Take, for instance, CBS president Les Moonves' recent explanation of why the network canned its Mafia series "Falcone": "It's not the right time to have people whacked on the streets of New York." First, as an NYC resident, I anxiously wait for Moonves to let me know when my life is again expendable. (Fall 2000? During mid-season replacements?) Second, there's a root contradiction captured in Moonves' further explanation: "While it's not fair to blame the media for the rampage ... anyone who thinks the media has nothing do with this is an idiot. We felt a responsibility not to put it on now."

If in fact the media are truly culpable for violence (though I suspect the Mob's Hollywood-related recruitment boost likely plateaued in the '70s), why the need for those qualifiers: "It's not the right time ... put it on now"? I might be reading too much into the phrasing, but however genuine his emotion, Moonves' heart-cry captures perfectly the pointlessness of such media palliatives by building in its own escape clauses. In effect, it says that we in the media aren't to blame for these problems -- so we can't really do anything about them -- but we won't shirk our responsibility to ... to ... to do what? To act like we're doing something. To be inoffensive.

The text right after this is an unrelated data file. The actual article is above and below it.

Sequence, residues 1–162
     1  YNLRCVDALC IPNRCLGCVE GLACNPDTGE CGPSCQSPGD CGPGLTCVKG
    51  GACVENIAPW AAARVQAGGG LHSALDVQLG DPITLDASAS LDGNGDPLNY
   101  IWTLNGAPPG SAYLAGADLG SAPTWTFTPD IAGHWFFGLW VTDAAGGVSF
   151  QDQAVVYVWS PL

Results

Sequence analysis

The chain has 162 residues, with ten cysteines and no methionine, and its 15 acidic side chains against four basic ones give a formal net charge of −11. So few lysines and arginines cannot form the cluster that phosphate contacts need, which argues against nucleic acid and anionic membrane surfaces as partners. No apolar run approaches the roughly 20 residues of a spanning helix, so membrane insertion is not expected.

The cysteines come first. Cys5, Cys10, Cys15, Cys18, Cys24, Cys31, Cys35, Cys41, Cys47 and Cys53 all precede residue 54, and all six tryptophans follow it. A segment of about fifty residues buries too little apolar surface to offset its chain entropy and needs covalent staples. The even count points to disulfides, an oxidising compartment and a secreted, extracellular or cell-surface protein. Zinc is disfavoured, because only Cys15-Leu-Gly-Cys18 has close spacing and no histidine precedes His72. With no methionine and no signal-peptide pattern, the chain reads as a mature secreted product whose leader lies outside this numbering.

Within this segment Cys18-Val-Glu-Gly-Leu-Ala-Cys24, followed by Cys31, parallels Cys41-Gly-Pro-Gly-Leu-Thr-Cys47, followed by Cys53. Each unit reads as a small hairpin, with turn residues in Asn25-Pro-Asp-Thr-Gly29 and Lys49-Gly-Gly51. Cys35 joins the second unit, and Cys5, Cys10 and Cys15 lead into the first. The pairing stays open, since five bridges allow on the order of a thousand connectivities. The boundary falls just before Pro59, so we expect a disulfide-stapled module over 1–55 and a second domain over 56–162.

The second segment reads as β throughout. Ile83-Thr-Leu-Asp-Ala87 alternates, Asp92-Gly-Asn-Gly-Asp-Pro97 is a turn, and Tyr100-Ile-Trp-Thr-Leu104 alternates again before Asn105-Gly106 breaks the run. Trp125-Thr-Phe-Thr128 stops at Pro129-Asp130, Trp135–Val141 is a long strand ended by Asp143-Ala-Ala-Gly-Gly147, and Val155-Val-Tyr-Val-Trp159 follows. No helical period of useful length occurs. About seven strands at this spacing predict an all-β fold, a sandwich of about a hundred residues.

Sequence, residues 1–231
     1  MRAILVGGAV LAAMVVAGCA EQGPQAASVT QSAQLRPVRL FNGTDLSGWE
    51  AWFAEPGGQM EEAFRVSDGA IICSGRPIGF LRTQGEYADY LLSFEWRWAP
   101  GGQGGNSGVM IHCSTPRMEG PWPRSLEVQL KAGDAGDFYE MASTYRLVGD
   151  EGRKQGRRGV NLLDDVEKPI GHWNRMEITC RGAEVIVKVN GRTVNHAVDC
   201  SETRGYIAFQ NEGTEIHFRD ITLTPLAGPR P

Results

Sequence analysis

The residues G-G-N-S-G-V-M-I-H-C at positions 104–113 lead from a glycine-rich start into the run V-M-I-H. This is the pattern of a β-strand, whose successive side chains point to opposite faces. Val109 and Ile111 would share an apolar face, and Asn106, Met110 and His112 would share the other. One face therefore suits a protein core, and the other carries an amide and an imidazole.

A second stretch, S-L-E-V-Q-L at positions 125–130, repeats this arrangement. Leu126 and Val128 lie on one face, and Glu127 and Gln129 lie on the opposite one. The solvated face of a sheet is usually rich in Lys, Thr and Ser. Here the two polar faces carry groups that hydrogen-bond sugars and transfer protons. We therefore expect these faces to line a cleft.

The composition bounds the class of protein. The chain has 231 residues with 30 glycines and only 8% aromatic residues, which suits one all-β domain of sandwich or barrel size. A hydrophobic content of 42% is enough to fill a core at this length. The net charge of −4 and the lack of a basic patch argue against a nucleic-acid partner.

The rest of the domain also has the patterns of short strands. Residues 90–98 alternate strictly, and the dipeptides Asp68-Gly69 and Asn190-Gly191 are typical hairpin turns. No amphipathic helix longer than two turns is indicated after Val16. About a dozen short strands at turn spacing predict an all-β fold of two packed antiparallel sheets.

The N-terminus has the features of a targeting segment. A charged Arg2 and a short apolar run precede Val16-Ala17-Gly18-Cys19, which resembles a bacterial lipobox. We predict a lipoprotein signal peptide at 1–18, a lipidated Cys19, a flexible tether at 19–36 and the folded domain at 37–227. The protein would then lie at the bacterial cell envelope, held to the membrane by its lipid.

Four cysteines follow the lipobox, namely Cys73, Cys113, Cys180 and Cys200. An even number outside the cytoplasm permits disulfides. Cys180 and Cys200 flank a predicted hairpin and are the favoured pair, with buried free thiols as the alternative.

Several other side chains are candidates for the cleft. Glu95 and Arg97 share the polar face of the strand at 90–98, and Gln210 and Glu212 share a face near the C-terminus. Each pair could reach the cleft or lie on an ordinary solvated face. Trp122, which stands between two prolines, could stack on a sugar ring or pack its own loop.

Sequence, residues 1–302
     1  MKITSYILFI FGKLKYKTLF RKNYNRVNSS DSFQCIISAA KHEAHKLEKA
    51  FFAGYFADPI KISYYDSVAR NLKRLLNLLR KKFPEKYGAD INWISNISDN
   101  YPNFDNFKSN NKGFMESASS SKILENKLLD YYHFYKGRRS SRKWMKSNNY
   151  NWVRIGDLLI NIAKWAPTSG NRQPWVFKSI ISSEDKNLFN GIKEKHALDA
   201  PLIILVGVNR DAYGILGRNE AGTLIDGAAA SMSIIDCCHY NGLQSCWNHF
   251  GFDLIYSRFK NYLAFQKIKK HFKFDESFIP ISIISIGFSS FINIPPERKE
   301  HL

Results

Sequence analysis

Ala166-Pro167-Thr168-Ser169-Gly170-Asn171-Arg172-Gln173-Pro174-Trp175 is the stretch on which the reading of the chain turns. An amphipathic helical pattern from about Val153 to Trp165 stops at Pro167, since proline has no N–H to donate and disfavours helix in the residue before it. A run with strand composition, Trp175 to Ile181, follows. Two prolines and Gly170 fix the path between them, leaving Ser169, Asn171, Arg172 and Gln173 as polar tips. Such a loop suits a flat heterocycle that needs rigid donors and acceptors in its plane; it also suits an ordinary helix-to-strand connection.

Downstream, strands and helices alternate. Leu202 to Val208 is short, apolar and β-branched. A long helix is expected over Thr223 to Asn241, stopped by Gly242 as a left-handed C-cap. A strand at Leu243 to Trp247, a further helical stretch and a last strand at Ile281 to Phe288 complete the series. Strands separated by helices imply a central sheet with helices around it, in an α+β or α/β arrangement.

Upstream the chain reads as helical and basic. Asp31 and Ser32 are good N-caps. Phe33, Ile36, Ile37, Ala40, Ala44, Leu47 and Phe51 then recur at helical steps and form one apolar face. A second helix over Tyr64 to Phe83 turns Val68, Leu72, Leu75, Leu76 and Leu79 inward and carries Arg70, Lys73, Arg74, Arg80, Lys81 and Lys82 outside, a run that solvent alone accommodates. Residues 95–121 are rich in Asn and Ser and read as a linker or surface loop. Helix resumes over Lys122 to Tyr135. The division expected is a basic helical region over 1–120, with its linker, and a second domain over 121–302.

It's as if we're moving toward some Clintonian, ineffectual trade-off of free expression for security. No, not even security. Comfort. Quietude. I respect your feelings about guns, and you respect my feelings about vulgarity, and we both respect the other guy's feelings about tobacco or alcohol or sex, and in this potlatch of empty gestures we all tacitly agree that the primary purpose of the mass media, above all, is to avoid hurting anyone's feelings. The result's a trifecta: bad public policy, bad broadcasting and publishing, and probably ultimately bad business to boot.